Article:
Reforming cybersecurity policy is a major priority under President Barack Obama's administration. Proposed changes have the potential to rework compliance with the Federal Information Security Management Act and guidelines from the Federal Energy Regulatory Commission and North American Electric Reliability Corporation, or FERC and NERC. Many other areas of e-commerce and infrastructure could also be affected, given the broad reach of proposed legislation like the Cybersecurity Act of 2009 (S.773, aka the "kill-switch bill").
In terms of the cybersecurity act -- also referred to as the Rockefeller-Snowe bill, after Sens. John Rockefeller (D-W.V.) and Olympia Snowe (R.-Maine) -- it's still not entirely clear what the president's power will be in an emergency if the legislation doesn't come through. Gregory Nojeim, CDT counsel, said, "It would be useful for the White House to offer its view in the context of a given scenario," in response to questions regarding the president's control over the Internet and various free speech and commerce issues. Concerns over a "cyber-Katrina" aren't purely academic, either, as numerous technology advocates and analysts have expressed concerns about how S.773 may set or apply standards from the National Institute of Standards and Technology (NIST). Questions about cybersecurity policy that need to be answered include: Will best practices defined by NIST be auditable and audited? Could such standards stifle innovation because of that detail? Ari Swartz, vice president and chief operating officer at CDT, expressed confidence in the nomination of physicist Patrick Gallagher to the post of NIST director. Should Gallagher be seated, he'll have a full portfolio as he begins work.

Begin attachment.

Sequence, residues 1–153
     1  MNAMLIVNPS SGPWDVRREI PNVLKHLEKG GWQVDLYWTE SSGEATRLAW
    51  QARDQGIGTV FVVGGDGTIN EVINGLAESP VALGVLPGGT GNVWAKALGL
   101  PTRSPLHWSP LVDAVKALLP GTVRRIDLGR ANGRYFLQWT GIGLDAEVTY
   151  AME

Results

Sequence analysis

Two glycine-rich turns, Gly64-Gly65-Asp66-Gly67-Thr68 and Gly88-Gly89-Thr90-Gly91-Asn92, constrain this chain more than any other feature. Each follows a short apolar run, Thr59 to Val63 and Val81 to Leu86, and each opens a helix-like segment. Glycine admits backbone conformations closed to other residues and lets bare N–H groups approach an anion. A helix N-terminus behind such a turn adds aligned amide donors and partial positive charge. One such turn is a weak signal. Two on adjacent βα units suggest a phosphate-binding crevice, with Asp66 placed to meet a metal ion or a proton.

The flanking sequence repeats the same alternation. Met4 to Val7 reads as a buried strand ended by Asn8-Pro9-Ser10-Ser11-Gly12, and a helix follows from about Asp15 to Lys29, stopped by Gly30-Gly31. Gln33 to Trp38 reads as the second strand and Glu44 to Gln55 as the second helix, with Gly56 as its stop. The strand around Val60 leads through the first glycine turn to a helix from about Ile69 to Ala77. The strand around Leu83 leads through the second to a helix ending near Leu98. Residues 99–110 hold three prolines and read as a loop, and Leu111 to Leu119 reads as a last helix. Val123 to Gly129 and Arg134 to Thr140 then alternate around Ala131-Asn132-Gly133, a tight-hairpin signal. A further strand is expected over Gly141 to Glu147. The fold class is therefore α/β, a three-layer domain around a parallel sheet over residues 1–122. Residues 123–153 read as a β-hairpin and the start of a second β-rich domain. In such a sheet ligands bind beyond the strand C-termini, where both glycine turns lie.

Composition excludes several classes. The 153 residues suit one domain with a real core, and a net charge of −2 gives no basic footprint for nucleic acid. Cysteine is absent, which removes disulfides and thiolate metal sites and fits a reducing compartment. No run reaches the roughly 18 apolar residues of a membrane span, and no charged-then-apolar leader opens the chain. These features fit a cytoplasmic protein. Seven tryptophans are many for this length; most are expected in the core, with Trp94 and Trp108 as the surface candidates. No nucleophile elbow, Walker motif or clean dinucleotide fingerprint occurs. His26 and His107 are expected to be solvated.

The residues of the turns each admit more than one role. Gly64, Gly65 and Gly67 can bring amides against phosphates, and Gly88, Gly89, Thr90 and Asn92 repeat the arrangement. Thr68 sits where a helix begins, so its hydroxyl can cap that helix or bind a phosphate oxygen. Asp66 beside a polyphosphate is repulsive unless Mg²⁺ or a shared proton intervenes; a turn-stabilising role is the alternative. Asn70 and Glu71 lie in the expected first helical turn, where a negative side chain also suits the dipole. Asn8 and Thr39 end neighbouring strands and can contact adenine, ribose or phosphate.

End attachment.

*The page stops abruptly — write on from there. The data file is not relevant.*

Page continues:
This fall's legislative session at Congress will see numerous issues, including the use of the OpenID federated identity framework for .gov authentication pilot, prospects for a national data privacy law (H.R. 2221) and Pass ID. All three of these areas will be affected by the direction of the cybersecurity policies defined by the administration.